One ray of hope is that all licensees can provide Mac support via The Missing Sync. I would hope makers of Cobalt devices would see Mac users as attractive and provide a Lite OEM version of Missing Sync in the box, with the offer of a fanicer, more powerful Pro version from Mark/Space. However, if a Missing Sync Lite version cannibalizes the sales of the full version, maybe this isn't so attractive to Mark/Space.
Maybe a coupon for a reduced cost download of The Missing Sync would be more realistic. At the very least, licensees could offer a copy of The Missing Sync thrown into the box with a Cobalt device for additional cost, saving the additional step of downloading or ordering the software from Mark/Space.
But my larger concern with PalmSource dropping direct Mac sync support is what this might signal to other Palm OS developers. Will they be more likely to drop Mac conduits for their products now? Maybe the way out of this is a wireless sync approach. If Cobalt devices come standard with WiFi or Bluetooh (or both) would it be better to have direct sync over these wireless protocols than to build platform-specific HotSync conduits? Hmmm.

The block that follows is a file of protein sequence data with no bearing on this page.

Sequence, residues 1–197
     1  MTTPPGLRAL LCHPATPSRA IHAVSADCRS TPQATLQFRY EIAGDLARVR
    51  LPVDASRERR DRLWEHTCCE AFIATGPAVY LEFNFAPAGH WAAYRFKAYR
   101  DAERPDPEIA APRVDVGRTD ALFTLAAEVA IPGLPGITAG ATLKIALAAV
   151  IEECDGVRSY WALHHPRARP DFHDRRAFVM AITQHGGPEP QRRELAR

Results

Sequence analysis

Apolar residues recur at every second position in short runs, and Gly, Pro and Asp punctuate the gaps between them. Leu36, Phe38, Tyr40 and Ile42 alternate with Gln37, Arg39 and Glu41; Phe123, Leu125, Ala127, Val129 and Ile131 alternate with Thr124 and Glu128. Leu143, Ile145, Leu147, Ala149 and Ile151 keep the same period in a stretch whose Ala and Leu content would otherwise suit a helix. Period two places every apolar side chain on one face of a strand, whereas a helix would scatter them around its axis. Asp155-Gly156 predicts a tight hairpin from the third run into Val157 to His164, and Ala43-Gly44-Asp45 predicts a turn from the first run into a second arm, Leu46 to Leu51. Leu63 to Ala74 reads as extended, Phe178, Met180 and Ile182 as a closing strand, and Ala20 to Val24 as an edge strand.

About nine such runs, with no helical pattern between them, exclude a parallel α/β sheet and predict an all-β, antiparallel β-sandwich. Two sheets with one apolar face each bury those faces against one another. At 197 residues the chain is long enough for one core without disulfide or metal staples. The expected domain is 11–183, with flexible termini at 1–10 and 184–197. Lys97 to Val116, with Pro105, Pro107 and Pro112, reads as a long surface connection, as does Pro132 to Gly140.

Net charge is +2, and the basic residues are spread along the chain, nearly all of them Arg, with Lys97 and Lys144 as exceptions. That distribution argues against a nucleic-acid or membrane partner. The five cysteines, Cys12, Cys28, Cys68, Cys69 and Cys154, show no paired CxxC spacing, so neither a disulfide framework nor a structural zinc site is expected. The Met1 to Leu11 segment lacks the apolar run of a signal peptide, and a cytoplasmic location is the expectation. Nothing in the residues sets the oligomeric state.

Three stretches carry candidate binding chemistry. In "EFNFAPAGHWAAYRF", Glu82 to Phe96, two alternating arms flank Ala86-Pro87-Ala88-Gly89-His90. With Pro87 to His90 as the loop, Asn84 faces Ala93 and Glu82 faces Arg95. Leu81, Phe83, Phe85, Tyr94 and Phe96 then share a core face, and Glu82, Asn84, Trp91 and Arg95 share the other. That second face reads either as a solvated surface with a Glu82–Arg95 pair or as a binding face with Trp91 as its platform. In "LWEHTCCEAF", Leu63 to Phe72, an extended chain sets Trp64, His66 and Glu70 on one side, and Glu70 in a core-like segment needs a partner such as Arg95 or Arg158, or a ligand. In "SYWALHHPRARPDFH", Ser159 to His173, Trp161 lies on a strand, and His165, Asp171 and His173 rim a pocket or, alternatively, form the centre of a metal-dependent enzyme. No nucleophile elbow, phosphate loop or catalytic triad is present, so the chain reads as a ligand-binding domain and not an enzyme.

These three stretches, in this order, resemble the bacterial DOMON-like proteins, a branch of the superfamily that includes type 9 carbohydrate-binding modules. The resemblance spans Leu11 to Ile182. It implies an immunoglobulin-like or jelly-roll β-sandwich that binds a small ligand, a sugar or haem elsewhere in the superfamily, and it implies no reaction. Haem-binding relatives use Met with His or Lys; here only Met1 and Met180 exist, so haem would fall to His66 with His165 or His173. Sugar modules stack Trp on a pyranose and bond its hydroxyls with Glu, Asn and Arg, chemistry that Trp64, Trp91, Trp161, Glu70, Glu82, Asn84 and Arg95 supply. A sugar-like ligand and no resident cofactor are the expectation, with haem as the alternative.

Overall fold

If you happen to be a Mac-Palm user, please send me your thoughts on PalmSource's decision (with Palm/Mac Support in the subject line). I'll be sending a summary report of the Mac community's reaction to this news about Mac support being dropped to PalmSource, and would love your thoughts on the matter.
As the day wore on, Our group of 7 User Council members began to dwindle. Greg Gaub, Craig Froehle and Jennifer Shelamer all departed by 6:30. The remainder of our crew, which included Dan Royea and Renee Roberts (also User Council members), and Mike Waldron of Bits n' Bolts Software, paid a visit to the Valley Fair Mall in Cupertino. We wanted to to have a peek at the PalmOne Café and get a bite to eat. The Café seemed decent: people were actually checking out the tethered handhelds on display at multiple tables. (no, they didn't offer Lattes).